The Pacific Marine Mammal Center is fortunate to receive grant and foundation funding that allows us to satellite tag and track some of our released animals. Tags can provide us with important information: the movements and location of the animal, dive data (the depth and length of the dive), water temperature and salinity of the water. Other satellite tags just record the animal’s location. This scientific information is invaluable to our research regarding post-release monitoring, and provides PMMC with a small window into the intricate lives of our patients in their natural environment.
Each year, 6 to 8 animals are satellite-tagged and released by PMMC. The tracking device, either a splash or spot tag linked to wildlife computers, sends a signal for approximately 80 days to researchers at PMMC and to Robert DiGiovanni of the Greater Atlantic Marine Conservation Society, our collaborating research organization, for analysis. Mr. DiGiovanni also acts as Pacific Marine Mammal Center's chief scientist.
PMMC wishes to thank all of our satellite tag supporters for their contributions towards this project. If you would like to become involved in our post-release monitoring program please read about our Citizens of Science program. If you would like to sponsor a satellite tag, please email Keith Matassa, PMMC’s Executive Director, at email@example.com
Pacific Marine Mammal Center is an active member of the National Stranding Network. One of PMMC's network partners is Mystic Aquarium, located in Mystic, Connecticut. Mystic Aquarium’s Animal Rescue Clinic has been rescuing marine animals along 1,000 miles of the Northeastern coastline since 1975. Working closely with the National Oceanic and Atmospheric Administration (NOAA) Fisheries Service and other government agencies, the Mystic Aquarium Animal Rescue Team responds to an average of 30 stranding calls each year while also providing support to other stranding facilities in New England and even California- based facilities such as Pacific Marine Mammal Center. As part of this nation-wide collaboration, PMMC and Mystic are sharing satellite tracking data between the East and West coast facilities as a means to enhance scientific understanding about and understand seal and sea lion behavior.
A young male harbor seal pup given the name "Quartz" originally came to Mystic Aquarium’s Animal Rescue Clinic on May 24, 2016. He was believed to have been abandoned shortly after birth. He was rescued in Scarborough, ME by the Marine Mammals of Maine before being transferred to Mystic Aquarium. During his 3-1/2 month stay, he received treatment for malnutrition as well as for a minor eye lesion. After what appeared to be a full-recovery, the 4 to 5 month old Quartz was released back to the ocean environment on Tuesday, September 13, 2016 at Blue Shutters Beach in Charlestown, RI. He was released with five other harbor seals.
Before being released, Quartz received a flipper tag. This tag helped the Riverhead Foundation for Marine Research and Preservation, a rescue and rehabilitation organization in New York State, identify Quartz, who, unfortunately, was again in distress.
Riverhead contacted Mystic Aquarium’s Animal Rescue Program, arranging for transport of Quartz back to the clinic to receive additional care. With records on file, Mystic’s animal care professionals had a better understanding of Quartz, his condition and treatment protocol.
Upon re-admittance, Quartz was malnourished and dehydrated. He also received treatment for multiple wounds on his body and flippers. On February 3, 2017 following his second stay in Mystic Aquarium’s Animal Rescue Clinic, Quartz was released from a location known for its seal populations in North Kingston, Rhode Island.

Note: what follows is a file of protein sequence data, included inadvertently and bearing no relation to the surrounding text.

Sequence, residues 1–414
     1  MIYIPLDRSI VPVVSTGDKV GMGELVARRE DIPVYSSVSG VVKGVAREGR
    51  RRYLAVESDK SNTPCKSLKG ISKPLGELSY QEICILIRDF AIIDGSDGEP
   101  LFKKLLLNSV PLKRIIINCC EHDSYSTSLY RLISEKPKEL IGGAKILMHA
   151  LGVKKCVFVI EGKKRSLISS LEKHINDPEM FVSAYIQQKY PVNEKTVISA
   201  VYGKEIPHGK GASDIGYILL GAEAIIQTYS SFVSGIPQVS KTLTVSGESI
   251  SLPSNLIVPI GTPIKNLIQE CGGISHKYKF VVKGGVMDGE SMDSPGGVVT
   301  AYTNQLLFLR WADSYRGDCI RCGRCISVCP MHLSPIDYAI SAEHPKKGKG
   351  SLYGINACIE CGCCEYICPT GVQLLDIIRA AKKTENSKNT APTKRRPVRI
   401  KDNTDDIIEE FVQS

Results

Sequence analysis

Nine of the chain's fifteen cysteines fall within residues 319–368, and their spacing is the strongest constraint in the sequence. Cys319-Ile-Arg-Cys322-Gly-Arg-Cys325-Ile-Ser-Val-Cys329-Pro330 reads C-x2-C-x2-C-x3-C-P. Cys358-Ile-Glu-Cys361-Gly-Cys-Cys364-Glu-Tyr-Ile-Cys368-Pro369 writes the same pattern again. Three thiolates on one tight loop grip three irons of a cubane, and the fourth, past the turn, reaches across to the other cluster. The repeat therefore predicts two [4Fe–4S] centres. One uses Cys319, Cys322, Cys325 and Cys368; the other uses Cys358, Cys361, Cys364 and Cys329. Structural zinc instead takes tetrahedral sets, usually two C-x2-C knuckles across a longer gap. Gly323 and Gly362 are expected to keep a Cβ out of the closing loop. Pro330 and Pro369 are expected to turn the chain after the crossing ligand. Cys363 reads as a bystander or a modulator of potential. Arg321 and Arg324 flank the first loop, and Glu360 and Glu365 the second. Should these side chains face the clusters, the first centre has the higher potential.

Satellite Tracking: "Quartz"
10:30 am on August 5, 2016, Pacific Marine Mammal Center received a call about a California sea lion pup in need of help at “The Wedge” in Newport Beach. With the assistance of Newport Beach Harbor Patrol, PMMC’s rescue team was able to safely and successfully bring the animal back to the Center.
By 12:30pm, “Kershaw,” the 285th sea lion admitted to PMMC in 2016, had arrived at PMMC and was being examined by the Animal Care Staff. He was extremely underweight and undersize at 29 lbs, 38 inches long, and was suffering from severe malnutrition (starvation) and dehydration.
“Kershaw’s” treatment began with an electrolyte fluid diet for rehydration purposes, with fish being gradually added into the clear formula. After 24 hours of tube feedings, “Kershaw” began to eat fish. (Eating fish is a major achievement in the rehabilitation process as eating fish allows our pinniped patients to gain weight quickly and get back to their ocean home.) Thanks to the dedication of the PMMC animal care crew, “Kershaw” was soon competing with his pen mates, eating in the “big pools” and putting on much-needed weight.
On December 4, 2016, after 4 months of rehabilitation, “Kershaw” was medically cleared, tagged in the front left flipper with an orange Roto tag (#W1902) as well as a satellite tag placed on his upper back. Weighing 89 pounds, he was released at Aliso Creek Beach in South Orange County. With his satellite tag in place, scientists and researchers will be able to monitor “Kershaw” for many weeks post-release. Kershaw's satellite tag was funded via the generosity of Mr. and Mrs. Stokes, PMMC donors.
Satellite Tracking : "Kershaw"
Day 51 (January 27, 2017) Kershaw returned to the area just South of the Mexican border.
Days 24 Kershaw traveled South along the Baja California Coast, returning to Catalina Island at the end of day 42. Kershaw was sighted off Baja by a whale excursion group before heading further South near Campo La Chorera, Mexico. Kershaw spent time on Isla San Martin on his way back to Catalina Island.
Day 5 (December 9, 2016) finds Kershaw exploring and feeding off Catalina Island